The seven secrets of soy are just a few of the reasons more Americans are trading their sirloin for soy foods.
- A nutrient-dense food. Few foods contain as much nutritional bang for the buck as this bountiful bean. Ounce for ounce, calorie for calorie, the soybean gets top-billing as a rich source of protein, unsaturated fats, fiber, B-vitamins, folic acid, potassium, calcium, zinc, and iron – and it’s cholesterol-free. There is no other single food that supplies so much nutrition in such a tiny package. While TV and print ads tout milk as the perfect food, the soybean actually deserves this title.
- Soy contains powerful proteins, healthier fats. Soy ranks right up there with the American staples — dairy, eggs, and meat – as a rich source of protein, but without the fat drawbacks of these high-protein animal foods. Eggs, dairy, meat, and poultry contain mostly saturated fats, and they are high in cholesterol. Soy fat is mostly unsaturated and cholesterol- free. Soy is the only plant food that is a complete protein, meaning that it contains all the essential amino acids that the body can’t produce. (However, soy does not contain enough of the amino acid methionine for infants and children, so this amino acid is added to soy formulas).
- Soy has intestines-friendly carbs. Since soy is a plant food, it contains no lactose, which makes soy milk, soy cheese, and soy “yogurt” ideal alternatives to dairy products for persons who are sensitive to dairy. Soy contains nutritionally valuable carbs called “fructooligosaccharides” (FOS), which nourish the helpful intestinal bacteria.
- Soy contains mood-friendly carbs. Soybeans have the lowest glycemic index of any food, so they are slow to trigger an insulin response, providing a more stable blood sugar with fewer mood swings from high and low blood sugars. This makes soy an ideal before-school breakfast food for preventing the mid-morning low blood sugar crash in sugar-sensitive children.
- Soy is a terrific source of bone- and blood-building calcium and iron. Soy gets the “Top Bean” award for the two vital minerals calcium and iron, nutritional features that make it a valuable alternative to dairy products and meat. Like other legumes, soy is a rich source of iron, in fact the richest of all the vegetables and legumes.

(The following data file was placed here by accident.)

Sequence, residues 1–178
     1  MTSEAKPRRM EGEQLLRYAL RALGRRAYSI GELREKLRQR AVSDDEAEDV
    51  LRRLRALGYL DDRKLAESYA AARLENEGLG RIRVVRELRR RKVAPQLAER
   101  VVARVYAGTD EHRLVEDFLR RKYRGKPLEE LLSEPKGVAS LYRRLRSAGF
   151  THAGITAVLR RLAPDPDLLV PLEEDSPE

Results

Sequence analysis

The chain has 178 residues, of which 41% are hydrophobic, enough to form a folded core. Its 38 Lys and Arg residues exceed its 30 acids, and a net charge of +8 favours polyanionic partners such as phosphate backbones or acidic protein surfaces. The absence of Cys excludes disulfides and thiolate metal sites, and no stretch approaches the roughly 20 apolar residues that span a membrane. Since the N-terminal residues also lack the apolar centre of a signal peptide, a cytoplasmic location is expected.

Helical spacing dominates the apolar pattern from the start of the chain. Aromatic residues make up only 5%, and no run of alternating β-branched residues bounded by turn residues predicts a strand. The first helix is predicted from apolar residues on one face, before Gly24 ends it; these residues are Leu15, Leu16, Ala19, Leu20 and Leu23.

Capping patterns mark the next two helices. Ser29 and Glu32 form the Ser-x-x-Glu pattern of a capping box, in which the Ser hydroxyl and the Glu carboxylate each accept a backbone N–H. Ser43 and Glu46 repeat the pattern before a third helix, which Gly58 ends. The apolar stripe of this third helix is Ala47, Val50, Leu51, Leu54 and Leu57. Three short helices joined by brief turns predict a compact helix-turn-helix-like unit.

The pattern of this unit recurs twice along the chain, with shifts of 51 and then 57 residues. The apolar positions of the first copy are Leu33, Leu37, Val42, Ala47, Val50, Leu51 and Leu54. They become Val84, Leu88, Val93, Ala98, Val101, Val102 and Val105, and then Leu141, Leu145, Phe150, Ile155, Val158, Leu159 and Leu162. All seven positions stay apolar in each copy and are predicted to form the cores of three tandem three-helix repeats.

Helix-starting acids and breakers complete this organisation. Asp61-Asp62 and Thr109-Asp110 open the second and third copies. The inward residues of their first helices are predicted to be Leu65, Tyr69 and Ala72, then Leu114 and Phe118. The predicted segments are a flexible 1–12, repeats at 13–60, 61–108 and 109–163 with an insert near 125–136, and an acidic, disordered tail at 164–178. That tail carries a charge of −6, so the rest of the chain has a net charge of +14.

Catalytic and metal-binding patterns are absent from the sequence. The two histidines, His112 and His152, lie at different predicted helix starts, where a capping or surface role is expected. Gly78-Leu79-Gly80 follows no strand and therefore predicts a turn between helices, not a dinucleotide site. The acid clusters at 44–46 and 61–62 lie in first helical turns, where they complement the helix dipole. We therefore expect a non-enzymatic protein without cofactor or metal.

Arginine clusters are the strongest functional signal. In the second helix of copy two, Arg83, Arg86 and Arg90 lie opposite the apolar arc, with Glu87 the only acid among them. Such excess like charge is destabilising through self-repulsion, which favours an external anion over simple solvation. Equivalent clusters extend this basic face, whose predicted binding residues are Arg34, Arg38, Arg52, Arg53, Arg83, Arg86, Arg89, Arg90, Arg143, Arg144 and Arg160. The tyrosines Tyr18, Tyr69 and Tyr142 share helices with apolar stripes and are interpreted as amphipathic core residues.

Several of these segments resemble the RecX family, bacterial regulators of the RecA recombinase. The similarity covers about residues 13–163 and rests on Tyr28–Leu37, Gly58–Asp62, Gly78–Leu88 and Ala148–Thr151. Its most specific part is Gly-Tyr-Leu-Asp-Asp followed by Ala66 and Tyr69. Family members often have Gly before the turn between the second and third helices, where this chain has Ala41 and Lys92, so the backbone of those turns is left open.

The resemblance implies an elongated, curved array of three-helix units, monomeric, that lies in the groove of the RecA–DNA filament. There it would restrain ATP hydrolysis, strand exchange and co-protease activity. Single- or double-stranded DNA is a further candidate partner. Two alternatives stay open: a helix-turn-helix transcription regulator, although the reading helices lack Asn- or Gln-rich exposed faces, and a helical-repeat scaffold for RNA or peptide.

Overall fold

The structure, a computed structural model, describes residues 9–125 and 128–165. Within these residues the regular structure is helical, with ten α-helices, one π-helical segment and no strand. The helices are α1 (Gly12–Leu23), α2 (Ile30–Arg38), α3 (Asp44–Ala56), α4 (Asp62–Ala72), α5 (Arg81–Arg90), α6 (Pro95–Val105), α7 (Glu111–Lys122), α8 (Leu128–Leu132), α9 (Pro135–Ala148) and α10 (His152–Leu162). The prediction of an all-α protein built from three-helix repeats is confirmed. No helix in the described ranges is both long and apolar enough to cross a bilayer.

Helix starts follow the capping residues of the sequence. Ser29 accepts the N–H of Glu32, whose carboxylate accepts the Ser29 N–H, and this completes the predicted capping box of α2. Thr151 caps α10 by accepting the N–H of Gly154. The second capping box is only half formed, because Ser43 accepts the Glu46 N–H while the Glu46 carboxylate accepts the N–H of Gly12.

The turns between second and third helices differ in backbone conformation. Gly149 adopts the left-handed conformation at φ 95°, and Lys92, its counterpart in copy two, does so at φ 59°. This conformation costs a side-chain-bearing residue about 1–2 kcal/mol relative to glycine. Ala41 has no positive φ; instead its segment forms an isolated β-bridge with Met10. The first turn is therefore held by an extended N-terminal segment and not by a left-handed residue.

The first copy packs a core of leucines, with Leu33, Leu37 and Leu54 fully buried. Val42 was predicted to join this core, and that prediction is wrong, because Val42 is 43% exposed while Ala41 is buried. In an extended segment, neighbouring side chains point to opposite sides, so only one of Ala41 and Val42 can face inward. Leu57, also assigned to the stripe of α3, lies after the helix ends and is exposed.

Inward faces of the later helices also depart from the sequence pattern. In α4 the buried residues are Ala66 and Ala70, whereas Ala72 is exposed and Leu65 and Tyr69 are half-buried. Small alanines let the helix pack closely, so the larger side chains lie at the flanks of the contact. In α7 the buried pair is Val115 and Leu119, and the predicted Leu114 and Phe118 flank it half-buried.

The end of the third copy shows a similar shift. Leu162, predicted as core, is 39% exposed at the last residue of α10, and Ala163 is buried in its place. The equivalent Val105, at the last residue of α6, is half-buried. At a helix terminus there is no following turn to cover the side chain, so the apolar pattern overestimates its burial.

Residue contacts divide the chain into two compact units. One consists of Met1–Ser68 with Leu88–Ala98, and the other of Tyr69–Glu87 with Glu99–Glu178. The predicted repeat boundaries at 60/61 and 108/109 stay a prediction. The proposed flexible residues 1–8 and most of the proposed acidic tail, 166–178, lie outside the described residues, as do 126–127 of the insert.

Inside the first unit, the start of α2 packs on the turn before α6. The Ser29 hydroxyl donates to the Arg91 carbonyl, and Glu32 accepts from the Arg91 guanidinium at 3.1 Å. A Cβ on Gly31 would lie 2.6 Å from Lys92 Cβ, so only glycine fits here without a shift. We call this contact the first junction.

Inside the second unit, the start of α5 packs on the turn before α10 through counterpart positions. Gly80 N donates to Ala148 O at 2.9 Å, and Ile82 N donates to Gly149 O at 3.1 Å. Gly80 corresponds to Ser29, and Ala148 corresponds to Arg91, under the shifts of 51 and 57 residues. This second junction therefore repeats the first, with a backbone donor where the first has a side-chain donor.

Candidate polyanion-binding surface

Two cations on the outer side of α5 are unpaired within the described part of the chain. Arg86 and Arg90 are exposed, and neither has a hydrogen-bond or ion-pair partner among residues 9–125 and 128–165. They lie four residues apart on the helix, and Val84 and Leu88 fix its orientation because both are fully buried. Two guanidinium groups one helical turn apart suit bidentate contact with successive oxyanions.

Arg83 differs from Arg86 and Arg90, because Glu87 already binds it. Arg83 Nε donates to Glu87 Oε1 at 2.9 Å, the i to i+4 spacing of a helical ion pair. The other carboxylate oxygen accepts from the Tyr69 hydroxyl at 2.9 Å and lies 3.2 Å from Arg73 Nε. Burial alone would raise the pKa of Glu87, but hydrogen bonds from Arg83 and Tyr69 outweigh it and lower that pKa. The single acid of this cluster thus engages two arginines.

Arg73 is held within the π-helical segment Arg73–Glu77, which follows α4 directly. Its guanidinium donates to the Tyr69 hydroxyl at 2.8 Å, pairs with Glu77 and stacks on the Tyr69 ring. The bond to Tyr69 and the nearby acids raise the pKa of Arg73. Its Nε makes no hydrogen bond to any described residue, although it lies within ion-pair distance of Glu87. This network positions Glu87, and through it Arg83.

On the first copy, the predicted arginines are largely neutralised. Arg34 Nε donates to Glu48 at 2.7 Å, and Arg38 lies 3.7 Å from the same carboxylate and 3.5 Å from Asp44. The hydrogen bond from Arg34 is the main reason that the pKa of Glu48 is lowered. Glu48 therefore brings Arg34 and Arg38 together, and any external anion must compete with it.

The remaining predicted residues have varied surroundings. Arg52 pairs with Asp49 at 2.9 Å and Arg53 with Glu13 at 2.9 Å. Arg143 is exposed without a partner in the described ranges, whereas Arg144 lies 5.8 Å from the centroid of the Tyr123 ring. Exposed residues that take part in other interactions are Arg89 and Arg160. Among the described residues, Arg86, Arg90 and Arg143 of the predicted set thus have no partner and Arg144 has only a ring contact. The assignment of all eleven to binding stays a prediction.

- Soy is the original health food. Soy is a heart-healthy, cancer-fighting, and immune- boosting food. Comparing the overall health of high soy-consuming cultures, such as the Japanese, and low soy-eating folk, like Americans, provides the first clue that soy has health- building properties. The average Japanese person eats 2 to 3 ounces (50 to 80 grams) of soy food daily in various forms, such as miso, tempeh, and soy milk. The average American eats a scant 5 grams of soy, and that mostly in the form of oils (often hydrogenated) hidden in high-fat foods. Comparing Japanese and American health: the Japanese enjoy a longer lifespan and lower rates of cancer (especially colon, lung, breast, and prostate) and have a much lower incidence of heart disease. It will be interesting to see if a reversal in these diseases occur as we export to the Japanese our beef and they sell us their soy. Heart and cancer doctors believe that adding as little as two ounces of soy to the daily American diet could lower the risk of these deadly diseases. In Oriental medicine, soybeans are valued as the tonic for long life and healthy living. In Oriental countries, soy is known as the “meat without bones” and the “cow of China.” While soy alone won’t save your life, here’s how it can help.